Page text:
Not quite as excruciating as unanaesthetized body piercing itself, “Modify” could nevertheless a cult following if only for its extensive, intimate and vicariously painful footage. Some people may faint, others retch and still others sit transfixed by this morbidly fascinating movie, which is sure to propel some body-modification enthusiasts onward, and bring others back to the safety of stick-on tattoos.
What is body modification? According to the definition employed by “Modify” directors Jason Gary and Greg Jacobson, it’s liposuction, body-building, plastic surgery, tattooing, piercings, sexual redesignation and suspension — the hanging of one’s body on hooks. “Once you’ve done this,” says one suspender, “the rest of your life is a piece of cake.”
A plastic surgeon suggests that even shaving, or combing your hair, is a manipulation of your body and therefore eligible for the category. Such a wide definition allows “Modify” to make parallels between the most benign and the most radical transformations.
And while the editing is slick, the photography fine, the pace brisk and the interviews done under dramatic lighting, the subtle promotion of modification becomes suspect.
Filmmakers break pic into chapters with headings that pose good questions — “Modification or Mutilation?” for instance, or “Addiction?” Unfortunately, only the people on either end of the various operations get to testify — people, in other words, who might have a personal interest in justifying whatever they’ve done to themselves or others.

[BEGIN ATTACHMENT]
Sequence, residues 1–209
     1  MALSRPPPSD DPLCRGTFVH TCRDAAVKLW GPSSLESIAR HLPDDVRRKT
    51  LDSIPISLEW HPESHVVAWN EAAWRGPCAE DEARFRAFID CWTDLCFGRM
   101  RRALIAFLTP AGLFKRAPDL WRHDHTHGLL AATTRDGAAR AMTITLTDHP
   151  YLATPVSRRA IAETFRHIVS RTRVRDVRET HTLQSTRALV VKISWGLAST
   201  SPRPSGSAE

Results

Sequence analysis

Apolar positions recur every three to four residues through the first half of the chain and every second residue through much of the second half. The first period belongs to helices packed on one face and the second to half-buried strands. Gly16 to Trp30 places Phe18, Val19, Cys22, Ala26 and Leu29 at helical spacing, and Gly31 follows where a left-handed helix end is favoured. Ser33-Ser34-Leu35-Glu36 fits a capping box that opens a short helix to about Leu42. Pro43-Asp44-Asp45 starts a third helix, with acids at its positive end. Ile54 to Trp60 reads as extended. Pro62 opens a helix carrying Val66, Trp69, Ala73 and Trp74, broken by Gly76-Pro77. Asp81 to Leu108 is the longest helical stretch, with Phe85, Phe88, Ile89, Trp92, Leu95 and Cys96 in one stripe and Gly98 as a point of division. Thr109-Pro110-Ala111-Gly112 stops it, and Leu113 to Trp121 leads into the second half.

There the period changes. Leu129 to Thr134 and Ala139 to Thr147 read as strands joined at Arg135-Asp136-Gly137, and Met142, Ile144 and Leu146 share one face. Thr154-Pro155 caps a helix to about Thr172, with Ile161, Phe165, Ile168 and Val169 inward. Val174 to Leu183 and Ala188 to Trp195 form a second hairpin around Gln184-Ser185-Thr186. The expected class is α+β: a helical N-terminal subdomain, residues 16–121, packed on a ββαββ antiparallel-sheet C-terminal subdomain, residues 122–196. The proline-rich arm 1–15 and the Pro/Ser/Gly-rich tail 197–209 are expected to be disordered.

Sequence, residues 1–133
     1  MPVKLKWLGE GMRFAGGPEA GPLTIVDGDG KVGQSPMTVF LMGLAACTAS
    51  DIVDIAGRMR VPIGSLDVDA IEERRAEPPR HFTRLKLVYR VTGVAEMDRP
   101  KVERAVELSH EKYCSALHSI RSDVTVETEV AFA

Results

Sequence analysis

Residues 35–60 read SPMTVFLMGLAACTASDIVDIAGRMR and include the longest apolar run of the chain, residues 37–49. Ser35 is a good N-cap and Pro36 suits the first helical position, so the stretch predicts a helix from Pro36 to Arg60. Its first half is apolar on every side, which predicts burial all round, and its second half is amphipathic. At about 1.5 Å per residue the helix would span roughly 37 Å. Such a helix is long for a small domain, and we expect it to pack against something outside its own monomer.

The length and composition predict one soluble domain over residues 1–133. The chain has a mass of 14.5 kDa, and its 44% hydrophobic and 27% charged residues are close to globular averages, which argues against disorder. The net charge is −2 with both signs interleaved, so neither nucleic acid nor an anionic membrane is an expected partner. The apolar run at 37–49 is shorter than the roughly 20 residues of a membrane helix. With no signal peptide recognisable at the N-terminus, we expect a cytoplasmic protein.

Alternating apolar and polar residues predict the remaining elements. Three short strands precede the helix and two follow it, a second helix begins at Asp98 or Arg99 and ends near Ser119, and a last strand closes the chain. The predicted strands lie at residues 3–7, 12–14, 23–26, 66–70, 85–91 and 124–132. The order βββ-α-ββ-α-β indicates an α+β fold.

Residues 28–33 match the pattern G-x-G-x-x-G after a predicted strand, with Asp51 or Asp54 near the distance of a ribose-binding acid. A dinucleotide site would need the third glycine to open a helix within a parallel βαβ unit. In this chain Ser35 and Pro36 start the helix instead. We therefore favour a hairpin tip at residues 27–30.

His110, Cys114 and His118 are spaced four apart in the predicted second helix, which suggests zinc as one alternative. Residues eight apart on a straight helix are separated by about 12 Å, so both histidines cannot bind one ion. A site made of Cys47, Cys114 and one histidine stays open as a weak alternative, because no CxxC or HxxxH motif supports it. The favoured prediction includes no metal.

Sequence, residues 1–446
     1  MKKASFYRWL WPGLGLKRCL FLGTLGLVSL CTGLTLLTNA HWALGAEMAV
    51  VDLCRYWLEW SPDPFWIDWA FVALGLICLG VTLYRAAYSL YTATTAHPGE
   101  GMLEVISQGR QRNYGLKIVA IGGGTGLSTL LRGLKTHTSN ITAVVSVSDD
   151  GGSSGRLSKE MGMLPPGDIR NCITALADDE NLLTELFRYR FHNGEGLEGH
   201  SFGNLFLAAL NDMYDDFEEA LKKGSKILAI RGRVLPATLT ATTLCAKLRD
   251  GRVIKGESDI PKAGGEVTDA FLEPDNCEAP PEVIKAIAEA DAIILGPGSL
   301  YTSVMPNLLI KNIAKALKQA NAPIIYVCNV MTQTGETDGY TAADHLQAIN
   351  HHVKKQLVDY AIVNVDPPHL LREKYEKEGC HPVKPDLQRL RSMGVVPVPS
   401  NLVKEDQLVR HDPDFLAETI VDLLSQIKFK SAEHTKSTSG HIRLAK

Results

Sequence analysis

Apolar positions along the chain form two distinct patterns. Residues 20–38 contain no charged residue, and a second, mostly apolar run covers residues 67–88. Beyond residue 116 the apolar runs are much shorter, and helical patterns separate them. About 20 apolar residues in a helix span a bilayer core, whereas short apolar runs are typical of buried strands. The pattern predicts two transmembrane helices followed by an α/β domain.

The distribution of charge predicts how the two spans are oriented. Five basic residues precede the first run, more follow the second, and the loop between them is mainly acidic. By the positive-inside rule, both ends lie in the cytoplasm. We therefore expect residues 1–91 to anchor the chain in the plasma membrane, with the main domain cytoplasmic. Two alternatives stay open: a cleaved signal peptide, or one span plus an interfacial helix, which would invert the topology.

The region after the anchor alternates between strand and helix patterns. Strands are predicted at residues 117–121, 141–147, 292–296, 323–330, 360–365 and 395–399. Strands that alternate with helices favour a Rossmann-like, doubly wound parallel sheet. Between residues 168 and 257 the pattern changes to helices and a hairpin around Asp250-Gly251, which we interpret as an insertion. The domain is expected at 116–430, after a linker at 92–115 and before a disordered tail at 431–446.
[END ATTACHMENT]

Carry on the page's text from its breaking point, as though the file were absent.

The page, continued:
There is surgery and lots of it, all shown in exquisite, mortifying detail; particularly mortifying is the sight of a tongue being split, and then stanched. A few women appear in “Modify,” but most of those featured are men.
What the film cries out for amid all of this is the voice of a psychologist, a medical ethicist, even a clergyman — not to refute anything anyone says, necessarily, but to give an outside view on why some people are attracted and others repulsed by all this drastic rearrangement of flesh in even the most delicate of areas. Pic might also have made use of an anthropologist to explain the history and cultural reasons of body modification, and why it may, or may not, be a symptom of this specific time and place.
One needn’t have a negative, visceral reaction to what goes on in “Modify” to have a few doubts about what lies behind the implanted horn-buds sticking out of some piercing enthusiast’s forehead. By extension, is there a homoerotic, even sado-masochistic element to genital modification? No one poses these questions and they’re crying out to be asked.
Directors Gary and Jacobson have taken a defensive tack on “Modify,” allowing each of their subjects to argue away objections to what they do, on the presumption that whatever makes a person happy — from a tattoo to a sex change — is OK. But while live-and-let-live is a fine credo for getting along with others, lack of objective argument is one of the things that differentiates good documentary from propaganda.